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Box-Cox transformation

**Using a fints object for the
tsobj argument of boxcox is not recommended.
Use fts2timetable to convert a
fints object to a timetable object and then
use timetable2table and table2array.**

[transdat,lambda] = boxcox(data) [transfts,lambda] = boxcox(tsobj) transdat = boxcox(lambda,data) transfts = boxcox(lambda,tsobj)

| Data vector. Must be positive and specified as a column data vector. |

| Financial time series object. |

`boxcox`

transforms nonnormally distributed
data to a set of data that has approximately normal distribution.
The Box-Cox transformation is a family of power transformations.

If λ is not = `0`

, then

$$data(\lambda )=\frac{dat{a}^{\lambda}-1}{\lambda}$$

If λ is = `0`

, then

$$data(\lambda )=\mathrm{log}(data)$$

The logarithm is the natural logarithm (log base e). The algorithm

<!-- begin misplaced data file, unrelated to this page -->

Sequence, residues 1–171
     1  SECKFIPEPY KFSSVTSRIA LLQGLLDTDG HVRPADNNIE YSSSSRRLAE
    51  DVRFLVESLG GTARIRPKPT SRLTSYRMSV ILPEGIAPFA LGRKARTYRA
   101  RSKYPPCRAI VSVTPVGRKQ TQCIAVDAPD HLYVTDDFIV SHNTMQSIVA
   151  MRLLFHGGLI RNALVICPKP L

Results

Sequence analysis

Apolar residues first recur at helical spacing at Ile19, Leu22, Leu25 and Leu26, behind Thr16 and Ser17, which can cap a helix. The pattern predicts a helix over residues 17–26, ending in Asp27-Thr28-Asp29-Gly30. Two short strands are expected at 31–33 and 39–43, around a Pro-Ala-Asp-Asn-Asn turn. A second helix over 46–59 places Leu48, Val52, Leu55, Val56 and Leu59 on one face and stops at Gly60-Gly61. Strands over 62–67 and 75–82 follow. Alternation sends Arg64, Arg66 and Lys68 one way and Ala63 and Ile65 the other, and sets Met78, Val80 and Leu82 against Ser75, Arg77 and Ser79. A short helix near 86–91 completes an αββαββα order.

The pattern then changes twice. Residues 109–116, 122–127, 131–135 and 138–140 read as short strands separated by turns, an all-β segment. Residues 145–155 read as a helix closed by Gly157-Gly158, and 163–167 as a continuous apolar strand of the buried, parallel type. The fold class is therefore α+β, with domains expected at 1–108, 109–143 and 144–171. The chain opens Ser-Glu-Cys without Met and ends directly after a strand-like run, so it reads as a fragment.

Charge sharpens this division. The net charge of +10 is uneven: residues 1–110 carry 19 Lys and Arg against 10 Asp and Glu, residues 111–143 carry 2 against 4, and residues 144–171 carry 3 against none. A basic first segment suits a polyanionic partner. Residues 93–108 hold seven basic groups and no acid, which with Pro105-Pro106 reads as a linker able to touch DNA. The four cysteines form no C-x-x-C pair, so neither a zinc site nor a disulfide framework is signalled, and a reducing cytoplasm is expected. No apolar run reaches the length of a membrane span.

calls for finding the λ value that maximizes the Log-Likelihood
Function (LLF). The search is conducted using `fminsearch`

.

`[transdat,lambda] = boxcox(data)`

transforms
the data vector `data`

using the Box-Cox transformation
method into `transdat`

. It also estimates the transformation
parameter λ.

`[transfts,lambda] = boxcox(tsojb)`

transforms
the financial time series object `tsobj`

using the
Box-Cox transformation method into `transfts`

. It
also estimates the transformation parameter λ.

If the input data is a vector, `lambda`

is
a scalar. If the input is a financial time series object, `lambda`

is
a structure with fields similar to the components of the object; for
example, if the object contains series names `Open`

and `Close`

, `lambda`

has
fields `lambda.Open`

and `lambda.Close`

.

`transdat = boxcox(lambda, data)`

and ```
transfts
= boxcox(lambda, tsobj)
```

transform the data using a certain
specified λ for the Box-Cox transformation. This syntax does
not find the optimum λ that maximizes the LLF.